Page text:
Greece has plunged deeper into crisis, with markets driving its borrowing costs to new highs and pounding its bonds and banking stocks.
Pressure is piling on the debt-laden country amid scepticism over a dearth of details surrounding a proposed EU and IMF lifeline. For now, Greece insists it prefers to borrow from markets.
“We need to provide the markets confidence and this is, the lack of confidence is, causing all this decline in the spread,” said Manos Chatzidakis, head of investment strategy at Pegasus Securities SA. “The only thing we can do is to show some figures and to be persistent in our programme, in the stability programme.”
Government austerity measures have also sparked public anger. Some 2,000 protesters gathered for the latest rally yesterday, outside parliament in Athens.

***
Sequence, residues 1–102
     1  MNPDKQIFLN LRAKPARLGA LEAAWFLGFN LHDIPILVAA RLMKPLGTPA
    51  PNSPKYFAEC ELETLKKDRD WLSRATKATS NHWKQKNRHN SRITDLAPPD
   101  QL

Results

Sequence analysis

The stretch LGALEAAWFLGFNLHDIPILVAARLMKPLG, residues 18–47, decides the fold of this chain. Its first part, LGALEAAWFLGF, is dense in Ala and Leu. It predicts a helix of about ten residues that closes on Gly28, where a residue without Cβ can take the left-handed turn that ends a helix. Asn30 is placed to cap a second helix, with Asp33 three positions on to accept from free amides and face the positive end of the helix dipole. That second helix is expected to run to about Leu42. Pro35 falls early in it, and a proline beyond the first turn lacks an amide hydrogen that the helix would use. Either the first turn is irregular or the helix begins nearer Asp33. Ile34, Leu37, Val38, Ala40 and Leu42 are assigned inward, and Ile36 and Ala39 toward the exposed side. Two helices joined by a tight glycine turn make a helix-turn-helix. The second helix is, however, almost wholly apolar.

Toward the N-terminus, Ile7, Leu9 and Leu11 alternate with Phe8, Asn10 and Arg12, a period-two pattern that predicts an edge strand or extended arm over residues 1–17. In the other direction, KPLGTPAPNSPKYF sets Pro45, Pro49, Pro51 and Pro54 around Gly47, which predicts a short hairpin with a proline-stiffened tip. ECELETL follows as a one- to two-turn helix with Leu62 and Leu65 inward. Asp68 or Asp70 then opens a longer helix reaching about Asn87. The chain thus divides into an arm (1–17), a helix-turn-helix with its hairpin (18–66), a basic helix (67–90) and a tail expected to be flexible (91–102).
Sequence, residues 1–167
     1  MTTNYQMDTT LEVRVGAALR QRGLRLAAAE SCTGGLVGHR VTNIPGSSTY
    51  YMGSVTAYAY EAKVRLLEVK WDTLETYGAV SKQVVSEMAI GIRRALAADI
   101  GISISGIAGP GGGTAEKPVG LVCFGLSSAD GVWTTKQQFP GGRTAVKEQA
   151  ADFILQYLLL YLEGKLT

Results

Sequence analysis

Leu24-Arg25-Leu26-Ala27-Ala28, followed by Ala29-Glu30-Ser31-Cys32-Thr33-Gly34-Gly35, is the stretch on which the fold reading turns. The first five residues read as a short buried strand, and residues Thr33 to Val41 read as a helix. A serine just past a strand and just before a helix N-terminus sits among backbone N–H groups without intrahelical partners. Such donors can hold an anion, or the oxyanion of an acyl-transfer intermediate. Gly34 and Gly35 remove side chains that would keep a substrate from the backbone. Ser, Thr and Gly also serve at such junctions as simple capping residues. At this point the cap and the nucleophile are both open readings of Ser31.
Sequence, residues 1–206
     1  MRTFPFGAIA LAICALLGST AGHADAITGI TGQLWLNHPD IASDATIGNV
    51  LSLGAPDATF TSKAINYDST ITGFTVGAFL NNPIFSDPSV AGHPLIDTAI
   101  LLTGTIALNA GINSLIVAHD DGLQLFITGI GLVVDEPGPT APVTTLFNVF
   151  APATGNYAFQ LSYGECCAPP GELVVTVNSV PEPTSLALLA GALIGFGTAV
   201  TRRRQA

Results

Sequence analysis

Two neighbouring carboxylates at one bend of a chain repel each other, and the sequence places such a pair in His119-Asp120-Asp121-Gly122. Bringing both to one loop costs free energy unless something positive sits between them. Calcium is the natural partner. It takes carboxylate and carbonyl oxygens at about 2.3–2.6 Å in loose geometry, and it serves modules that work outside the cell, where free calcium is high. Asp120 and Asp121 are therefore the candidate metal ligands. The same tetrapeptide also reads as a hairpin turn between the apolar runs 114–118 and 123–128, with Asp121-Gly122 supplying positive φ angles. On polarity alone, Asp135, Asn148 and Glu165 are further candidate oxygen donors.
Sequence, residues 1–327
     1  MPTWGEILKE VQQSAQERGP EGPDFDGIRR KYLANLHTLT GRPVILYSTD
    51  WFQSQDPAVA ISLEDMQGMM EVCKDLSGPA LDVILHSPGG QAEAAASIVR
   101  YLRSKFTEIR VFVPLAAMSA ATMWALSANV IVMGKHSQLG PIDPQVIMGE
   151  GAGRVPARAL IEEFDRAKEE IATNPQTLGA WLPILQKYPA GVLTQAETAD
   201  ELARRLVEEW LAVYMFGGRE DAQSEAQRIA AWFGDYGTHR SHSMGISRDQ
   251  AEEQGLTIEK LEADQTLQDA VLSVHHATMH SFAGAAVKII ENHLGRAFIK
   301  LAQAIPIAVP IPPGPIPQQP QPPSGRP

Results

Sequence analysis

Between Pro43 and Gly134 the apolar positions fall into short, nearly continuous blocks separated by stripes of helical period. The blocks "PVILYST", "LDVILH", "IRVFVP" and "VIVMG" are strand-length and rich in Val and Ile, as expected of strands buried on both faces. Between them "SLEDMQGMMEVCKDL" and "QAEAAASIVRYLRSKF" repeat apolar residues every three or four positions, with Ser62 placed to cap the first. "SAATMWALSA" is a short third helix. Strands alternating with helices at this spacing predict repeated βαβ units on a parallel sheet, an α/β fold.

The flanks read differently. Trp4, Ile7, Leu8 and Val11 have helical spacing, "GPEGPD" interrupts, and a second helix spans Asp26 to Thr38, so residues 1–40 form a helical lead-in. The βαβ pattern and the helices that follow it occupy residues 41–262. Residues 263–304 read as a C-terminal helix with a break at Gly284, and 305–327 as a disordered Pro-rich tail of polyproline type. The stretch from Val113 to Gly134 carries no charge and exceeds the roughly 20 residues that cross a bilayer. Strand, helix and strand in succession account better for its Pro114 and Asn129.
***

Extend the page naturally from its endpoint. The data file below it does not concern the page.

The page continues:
“The future looks bleak…tragic,” said one demonstrator. “What will conditions be like for my kids tomorrow? …What will they live on?”
Reluctant to give in to the pressures, the Greek government has pledged to cut its public finance deficit by almost a third to 8.7 per cent of GDP this year.